What Romney Should Say; What Santorum Should Not Have Said

Mitt Romney has made repeated gaffes calling attention to his wealth. The latest was mentioning his wife’s two Cadillacs.

Here’s what he should say:

“My fellow Americans. I come before you as a rich man. I have a quarter of a billion dollars. That’s billion with a B.

“I won’t hide it. I earned this money. I worked hard for it. I was very successful. I’m proud of that, and I enjoy my wealth, which gives me a lifestyle most folks can’t afford. That’s what motivates people like me to work hard and take risks. That people can succeed like this is what makes America great, and it gives us the most dynamic economy on Earth, which is good for everybody.

“The rap on being rich is that you’re out of touch with the problems of ordinary people. But look, I didn’t get rich by being stupid and not knowing what’s going on. No, I don’t personally have to struggle paying my bills, but I know that’s true for too many Americans, and as a human being I can understand perfectly well what that’s like. You know, rich people may not have money problems but they have different ones; everybody has their problems; that’s what life is about.

“It’s the job of a president to solve problems. That’s what I’ve been doing all my life, with great success, that’s how I made my money, and that’s why I believe I can be a good president. And because I want an America where everyone can be as successful as I’ve been.”

* * * *

In a previous post I explained (concerning Romney’s Mormonism) why I generally leave religion aside when casting a vote. I cited John F. Kennedy’s landmark 1960 speech to the Houston ministers, assuring them that his presidency would not be controlled by the Catholic church. I said this reflected a broad national consensus, clarifying a line that no president could cross.

Candidate Sanctorum, in a recent interview, avowed that that JFK speech made him want “to throw up.” He explained, “I don’t believe in an America where the separation of church and state is absolute.” Taken together these statements show he would cross the line which I said no president could. This is not an epithet I like to throw around, but I call him un-American.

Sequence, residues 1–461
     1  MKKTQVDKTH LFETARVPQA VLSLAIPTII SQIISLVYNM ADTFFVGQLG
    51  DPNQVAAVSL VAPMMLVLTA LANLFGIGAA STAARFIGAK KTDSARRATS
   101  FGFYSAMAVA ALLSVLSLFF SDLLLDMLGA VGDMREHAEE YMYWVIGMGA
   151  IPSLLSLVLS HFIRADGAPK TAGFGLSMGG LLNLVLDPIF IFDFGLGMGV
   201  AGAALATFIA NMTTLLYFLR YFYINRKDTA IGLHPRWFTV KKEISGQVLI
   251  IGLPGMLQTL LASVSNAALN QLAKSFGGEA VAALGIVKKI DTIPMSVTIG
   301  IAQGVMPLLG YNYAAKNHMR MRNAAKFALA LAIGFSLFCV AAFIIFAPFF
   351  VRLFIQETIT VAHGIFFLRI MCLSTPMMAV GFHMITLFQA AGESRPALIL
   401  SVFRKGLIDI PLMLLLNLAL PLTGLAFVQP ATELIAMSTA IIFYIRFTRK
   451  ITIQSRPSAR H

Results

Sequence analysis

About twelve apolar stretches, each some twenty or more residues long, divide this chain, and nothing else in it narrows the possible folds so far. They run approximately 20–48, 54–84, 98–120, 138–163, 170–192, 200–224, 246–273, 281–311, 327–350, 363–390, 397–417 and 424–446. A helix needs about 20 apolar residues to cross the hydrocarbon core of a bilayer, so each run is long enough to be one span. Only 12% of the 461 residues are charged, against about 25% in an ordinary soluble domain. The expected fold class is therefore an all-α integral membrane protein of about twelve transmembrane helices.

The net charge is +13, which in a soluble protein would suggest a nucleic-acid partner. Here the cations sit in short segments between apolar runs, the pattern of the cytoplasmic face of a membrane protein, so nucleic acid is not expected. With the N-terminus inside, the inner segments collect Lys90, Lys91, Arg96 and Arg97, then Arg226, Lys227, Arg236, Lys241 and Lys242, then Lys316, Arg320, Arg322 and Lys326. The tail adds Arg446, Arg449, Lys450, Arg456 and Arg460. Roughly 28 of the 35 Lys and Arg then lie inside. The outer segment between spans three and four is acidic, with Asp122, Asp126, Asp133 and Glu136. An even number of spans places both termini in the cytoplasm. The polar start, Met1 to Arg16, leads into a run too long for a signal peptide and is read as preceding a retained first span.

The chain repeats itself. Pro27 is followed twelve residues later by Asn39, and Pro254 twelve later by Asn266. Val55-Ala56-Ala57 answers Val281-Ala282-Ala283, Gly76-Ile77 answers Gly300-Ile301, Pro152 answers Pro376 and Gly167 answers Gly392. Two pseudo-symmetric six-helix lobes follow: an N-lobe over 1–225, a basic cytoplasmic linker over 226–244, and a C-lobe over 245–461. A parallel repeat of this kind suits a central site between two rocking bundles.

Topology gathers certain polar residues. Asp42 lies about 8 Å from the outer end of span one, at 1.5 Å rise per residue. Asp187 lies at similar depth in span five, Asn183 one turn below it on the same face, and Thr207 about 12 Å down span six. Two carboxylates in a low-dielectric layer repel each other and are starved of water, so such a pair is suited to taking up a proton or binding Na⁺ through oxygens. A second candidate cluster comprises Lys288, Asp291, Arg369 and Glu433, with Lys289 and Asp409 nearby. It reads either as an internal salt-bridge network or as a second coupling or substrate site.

Santorum doesn’t even understand what church-state separation means. He thinks it means “only people of non-faith can come into the public square and make their case.” Uh, no.

One could go on at some length enumerating the absurdities spewing from this walking Bible of a candidate. (Try here.) I’ll mention one: his pledge to resuscitate “don’t ask, don’t tell.” Before it was ended, there might have been an arguably defensible concern that there could be problems. But now that we see no such problems, what is the argument for barring gays from the military? All that’s left is a pure mean-spirited bigotry that could only emanate from Santorum’s Biblebrain.

 Apparently Sanctorum’s religion-infested ethics not only justifies gay-bashing, but it did not stop him from robocalls urging Democrats to infiltrate the Republican primary and vote against Romney because Romney opposed the auto bailouts – as did Santorum himself. This carries American political hypocrisy and dishonesty to a new low (and that’s really saying something). So much for God-given morality.

This is one candidate I oppose on grounds of religion.

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One Response to “What Romney Should Say; What Santorum Should Not Have Said”

  1. How Romney can win the debate (and election) « The Rational Optimist Says:

    […] he (Haidt) thought necessary. Well, I’ve been speechwriting like that for Romney (posted here on 3/1 and 8/19). And now David Brooks, in his latest column, has given it a shot too, for Romney’s […]

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